Gauge Which Activities Aren’t in Sync with Your Strategy

Gauge Which Activities Aren’t in Sync with Your Strategy

by Nick Chipman  |   10:00 AM March 14, 2014

Take this brief assessment for feedback on how to improve strategic alignment in eight key areas.

Most organizational leaders struggle to align day-to-day activities with strategy, even though they know it’s important to do. Almost 80% of the more than 1,200 senior executives recently surveyed by PricewaterhouseCoopers believe that their organizations have the right strategic intent — but only 54% think they’re executing that strategy well.

Why the gap? Let’s compare two fictional companies to see what’s involved.

The first — which we’ll call Company A — focuses on translating its strategy into action as quickly as possible. Right away, the senior management team converts its PowerPoint decks into a road show that explains the strategy, develops a comprehensive implementation plan, sets up a program management office, establishes steering committees, assigns roles, and even starts restructuring. But after six months the plan starts to falter. Leaders and their teams are strapped — and competing — for resources. Distracted by pet initiatives that have little to do with the new strategy, they revert to old habits. They struggle to manage tensions between units and to realize value across them.

Company B takes a different approach. Before rewiring operations, leaders:

wrestle with the nuances of the strategy

diagnose how well the organization’s activities are currently aligned with it

cease any strategically unimportant activities

identify capabilities vital to the strategy

establish decision rights

begin modeling behaviors that support the strategy

gauge performance and risks with leading and lagging metrics that reflect the company’s priorities.

This whole process puts leaders in a more constructive mind-set and tends to defuse political jockeying, defensiveness, excuses, and blame.

Company A’s leaders have intellectually bought into their strategy and execution plan, but through their discipline and hard work, Company B’s leaders have built emotional commitment, as well, which will give their efforts more staying power. As Company B’s leaders turn their attention to operations, they make sure all the elements — processes, people, capital and organizational structure, and technology — are in lockstep with what the strategy demands. Leaders help engage the rest of the organization by clearly articulating people’s roles and modeling the actions required to deliver results.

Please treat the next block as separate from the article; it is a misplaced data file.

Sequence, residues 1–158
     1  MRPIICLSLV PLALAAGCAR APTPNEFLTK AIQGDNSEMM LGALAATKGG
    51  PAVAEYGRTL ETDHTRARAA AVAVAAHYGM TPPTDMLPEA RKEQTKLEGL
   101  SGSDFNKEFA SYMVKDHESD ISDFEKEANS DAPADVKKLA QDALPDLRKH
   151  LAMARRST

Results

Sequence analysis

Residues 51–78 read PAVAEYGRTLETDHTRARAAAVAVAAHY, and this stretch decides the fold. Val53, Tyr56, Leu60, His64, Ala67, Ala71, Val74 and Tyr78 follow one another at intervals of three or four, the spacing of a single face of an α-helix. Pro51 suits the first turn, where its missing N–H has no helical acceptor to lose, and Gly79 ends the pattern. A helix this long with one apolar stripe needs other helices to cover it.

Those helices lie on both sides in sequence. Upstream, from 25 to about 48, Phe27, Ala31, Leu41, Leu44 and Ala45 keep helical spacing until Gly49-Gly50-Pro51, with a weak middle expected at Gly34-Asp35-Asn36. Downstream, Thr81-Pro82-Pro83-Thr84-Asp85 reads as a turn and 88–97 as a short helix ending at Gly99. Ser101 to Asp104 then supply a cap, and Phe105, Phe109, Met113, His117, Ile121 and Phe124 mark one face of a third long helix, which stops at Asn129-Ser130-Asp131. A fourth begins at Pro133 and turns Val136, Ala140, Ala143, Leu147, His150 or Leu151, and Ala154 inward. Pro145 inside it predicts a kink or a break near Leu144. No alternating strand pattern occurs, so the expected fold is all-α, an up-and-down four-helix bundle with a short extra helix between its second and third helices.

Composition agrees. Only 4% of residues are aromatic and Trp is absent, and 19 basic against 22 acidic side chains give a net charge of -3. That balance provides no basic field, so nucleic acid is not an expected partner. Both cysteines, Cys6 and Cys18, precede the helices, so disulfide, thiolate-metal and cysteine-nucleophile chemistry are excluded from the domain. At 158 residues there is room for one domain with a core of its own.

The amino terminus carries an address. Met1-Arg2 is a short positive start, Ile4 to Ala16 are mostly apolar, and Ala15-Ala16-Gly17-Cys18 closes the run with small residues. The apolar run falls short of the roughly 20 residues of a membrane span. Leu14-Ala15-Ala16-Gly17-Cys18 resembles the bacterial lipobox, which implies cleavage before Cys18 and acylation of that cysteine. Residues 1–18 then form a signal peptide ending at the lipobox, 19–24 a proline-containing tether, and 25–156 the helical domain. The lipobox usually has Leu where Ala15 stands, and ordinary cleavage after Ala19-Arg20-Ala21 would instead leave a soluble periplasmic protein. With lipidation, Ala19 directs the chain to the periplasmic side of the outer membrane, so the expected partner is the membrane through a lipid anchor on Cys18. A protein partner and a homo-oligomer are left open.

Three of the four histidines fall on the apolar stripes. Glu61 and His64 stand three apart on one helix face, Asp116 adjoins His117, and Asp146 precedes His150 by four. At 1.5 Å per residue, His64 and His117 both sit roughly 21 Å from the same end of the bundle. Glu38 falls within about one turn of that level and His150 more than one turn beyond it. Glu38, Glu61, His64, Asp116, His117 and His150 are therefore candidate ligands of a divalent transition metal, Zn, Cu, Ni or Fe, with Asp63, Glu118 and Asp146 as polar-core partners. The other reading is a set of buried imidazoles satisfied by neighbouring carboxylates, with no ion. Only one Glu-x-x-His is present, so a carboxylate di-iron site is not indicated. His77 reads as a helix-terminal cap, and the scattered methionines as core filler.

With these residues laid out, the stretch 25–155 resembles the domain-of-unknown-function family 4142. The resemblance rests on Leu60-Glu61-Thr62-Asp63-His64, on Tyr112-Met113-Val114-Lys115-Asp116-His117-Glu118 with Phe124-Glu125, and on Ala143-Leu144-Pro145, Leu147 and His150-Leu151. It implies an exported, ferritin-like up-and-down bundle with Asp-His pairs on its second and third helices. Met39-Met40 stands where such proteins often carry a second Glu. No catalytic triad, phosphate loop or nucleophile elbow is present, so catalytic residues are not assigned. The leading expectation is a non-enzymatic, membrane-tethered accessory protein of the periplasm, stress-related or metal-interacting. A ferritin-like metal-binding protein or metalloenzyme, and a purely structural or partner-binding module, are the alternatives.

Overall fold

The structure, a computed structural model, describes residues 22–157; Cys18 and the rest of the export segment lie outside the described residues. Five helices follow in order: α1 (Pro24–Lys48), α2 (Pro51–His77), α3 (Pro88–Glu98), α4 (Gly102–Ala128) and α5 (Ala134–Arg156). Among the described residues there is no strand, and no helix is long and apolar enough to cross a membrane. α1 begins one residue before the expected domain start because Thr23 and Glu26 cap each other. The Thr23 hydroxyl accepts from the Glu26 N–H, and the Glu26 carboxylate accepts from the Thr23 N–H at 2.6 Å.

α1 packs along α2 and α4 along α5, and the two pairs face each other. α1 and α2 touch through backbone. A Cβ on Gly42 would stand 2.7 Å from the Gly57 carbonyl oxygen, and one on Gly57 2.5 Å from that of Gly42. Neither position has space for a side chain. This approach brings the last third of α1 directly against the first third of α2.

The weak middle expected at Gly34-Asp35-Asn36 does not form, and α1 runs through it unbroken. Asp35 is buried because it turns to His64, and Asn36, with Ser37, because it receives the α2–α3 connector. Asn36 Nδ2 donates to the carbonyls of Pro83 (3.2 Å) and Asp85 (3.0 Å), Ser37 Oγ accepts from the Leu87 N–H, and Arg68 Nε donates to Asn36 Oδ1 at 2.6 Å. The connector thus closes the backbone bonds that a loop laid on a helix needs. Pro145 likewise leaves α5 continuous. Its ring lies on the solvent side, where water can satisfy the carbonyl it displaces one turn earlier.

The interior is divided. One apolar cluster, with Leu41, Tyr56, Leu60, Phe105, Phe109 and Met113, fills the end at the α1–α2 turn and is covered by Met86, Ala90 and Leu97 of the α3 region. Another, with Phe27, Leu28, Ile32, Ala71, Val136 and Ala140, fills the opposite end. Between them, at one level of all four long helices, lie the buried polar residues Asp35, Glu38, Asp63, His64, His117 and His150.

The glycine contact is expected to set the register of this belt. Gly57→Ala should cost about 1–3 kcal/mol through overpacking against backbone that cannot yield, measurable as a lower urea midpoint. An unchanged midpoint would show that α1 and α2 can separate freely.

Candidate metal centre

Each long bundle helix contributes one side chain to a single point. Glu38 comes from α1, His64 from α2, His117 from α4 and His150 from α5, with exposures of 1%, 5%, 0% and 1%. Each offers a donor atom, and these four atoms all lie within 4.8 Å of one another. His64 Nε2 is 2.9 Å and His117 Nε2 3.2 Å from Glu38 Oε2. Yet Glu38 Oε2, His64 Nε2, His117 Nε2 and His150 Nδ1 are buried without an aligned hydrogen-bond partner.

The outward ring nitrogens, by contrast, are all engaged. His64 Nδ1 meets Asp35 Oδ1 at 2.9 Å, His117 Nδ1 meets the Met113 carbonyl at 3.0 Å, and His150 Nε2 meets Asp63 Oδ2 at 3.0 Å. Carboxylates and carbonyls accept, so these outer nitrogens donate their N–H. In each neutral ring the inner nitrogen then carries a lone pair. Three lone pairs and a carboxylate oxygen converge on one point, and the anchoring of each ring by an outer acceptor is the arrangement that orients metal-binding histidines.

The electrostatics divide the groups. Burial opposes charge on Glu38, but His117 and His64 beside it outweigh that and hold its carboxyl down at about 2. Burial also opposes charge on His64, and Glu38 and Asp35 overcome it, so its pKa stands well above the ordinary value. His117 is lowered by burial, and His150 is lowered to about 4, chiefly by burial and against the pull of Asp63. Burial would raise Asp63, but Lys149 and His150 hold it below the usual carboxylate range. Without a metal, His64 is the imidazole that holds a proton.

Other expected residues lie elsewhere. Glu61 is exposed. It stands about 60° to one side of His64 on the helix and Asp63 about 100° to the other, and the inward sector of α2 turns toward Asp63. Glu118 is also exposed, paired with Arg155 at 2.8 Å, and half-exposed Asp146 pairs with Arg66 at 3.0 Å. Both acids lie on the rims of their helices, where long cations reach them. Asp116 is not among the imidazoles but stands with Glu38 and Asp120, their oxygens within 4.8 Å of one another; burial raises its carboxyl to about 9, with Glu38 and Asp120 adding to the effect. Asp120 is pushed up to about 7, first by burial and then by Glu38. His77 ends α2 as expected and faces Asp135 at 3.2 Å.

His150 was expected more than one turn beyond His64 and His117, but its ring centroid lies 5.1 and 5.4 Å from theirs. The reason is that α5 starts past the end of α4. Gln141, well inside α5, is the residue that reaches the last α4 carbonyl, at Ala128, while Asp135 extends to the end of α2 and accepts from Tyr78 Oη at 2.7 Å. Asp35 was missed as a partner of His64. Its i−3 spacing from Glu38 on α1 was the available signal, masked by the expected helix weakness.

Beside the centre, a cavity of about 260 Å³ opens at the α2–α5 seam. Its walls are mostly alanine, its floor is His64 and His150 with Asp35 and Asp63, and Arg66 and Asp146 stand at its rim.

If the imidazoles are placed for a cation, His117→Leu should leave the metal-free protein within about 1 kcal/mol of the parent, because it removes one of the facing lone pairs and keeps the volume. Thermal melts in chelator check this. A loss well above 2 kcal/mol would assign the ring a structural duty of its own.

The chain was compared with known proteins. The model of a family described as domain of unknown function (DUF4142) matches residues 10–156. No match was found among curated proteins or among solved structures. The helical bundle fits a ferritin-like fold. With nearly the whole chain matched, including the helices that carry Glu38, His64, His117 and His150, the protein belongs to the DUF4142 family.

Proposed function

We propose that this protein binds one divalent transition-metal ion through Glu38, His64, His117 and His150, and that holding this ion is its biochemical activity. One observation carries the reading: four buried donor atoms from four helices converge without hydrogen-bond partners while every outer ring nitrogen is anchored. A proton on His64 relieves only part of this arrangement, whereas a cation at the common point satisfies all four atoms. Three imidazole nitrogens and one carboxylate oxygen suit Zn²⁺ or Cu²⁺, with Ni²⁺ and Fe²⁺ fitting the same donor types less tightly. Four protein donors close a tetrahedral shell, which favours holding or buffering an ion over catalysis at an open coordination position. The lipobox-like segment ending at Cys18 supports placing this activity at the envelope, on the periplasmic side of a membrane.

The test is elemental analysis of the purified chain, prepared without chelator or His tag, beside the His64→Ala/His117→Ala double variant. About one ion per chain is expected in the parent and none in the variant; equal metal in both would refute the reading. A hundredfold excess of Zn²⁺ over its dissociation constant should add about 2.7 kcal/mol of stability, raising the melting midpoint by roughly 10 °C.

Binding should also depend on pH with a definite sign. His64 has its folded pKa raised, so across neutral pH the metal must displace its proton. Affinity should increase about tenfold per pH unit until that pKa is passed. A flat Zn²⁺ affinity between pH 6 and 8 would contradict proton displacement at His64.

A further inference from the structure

That’s what alignment looks like. It’s not easy, and it never goes off without a hitch. But in the end it’s actually much more efficient than diving right into a reactive, short-term operational overhaul.

 

About bambooinnovator
Kee Koon Boon (“KB”) is the co-founder and director of HERO Investment Management which provides specialized fund management and investment advisory services to the ARCHEA Asia HERO Innovators Fund (www.heroinnovator.com), the only Asian SMID-cap tech-focused fund in the industry. KB is an internationally featured investor rooted in the principles of value investing for over a decade as a fund manager and analyst in the Asian capital markets who started his career at a boutique hedge fund in Singapore where he was with the firm since 2002 and was also part of the core investment committee in significantly outperforming the index in the 10-year-plus-old flagship Asian fund. He was also the portfolio manager for Asia-Pacific equities at Korea’s largest mutual fund company. Prior to setting up the H.E.R.O. Innovators Fund, KB was the Chief Investment Officer & CEO of a Singapore Registered Fund Management Company (RFMC) where he is responsible for listed Asian equity investments. KB had taught accounting at the Singapore Management University (SMU) as a faculty member and also pioneered the 15-week course on Accounting Fraud in Asia as an official module at SMU. KB remains grateful and honored to be invited by Singapore’s financial regulator Monetary Authority of Singapore (MAS) to present to their top management team about implementing a world’s first fact-based forward-looking fraud detection framework to bring about benefits for the capital markets in Singapore and for the public and investment community. KB also served the community in sharing his insights in writing articles about value investing and corporate governance in the media that include Business Times, Straits Times, Jakarta Post, Manual of Ideas, Investopedia, TedXWallStreet. He had also presented in top investment, banking and finance conferences in America, Italy, Sydney, Cape Town, HK, China. He has trained CEOs, entrepreneurs, CFOs, management executives in business strategy & business model innovation in Singapore, HK and China.

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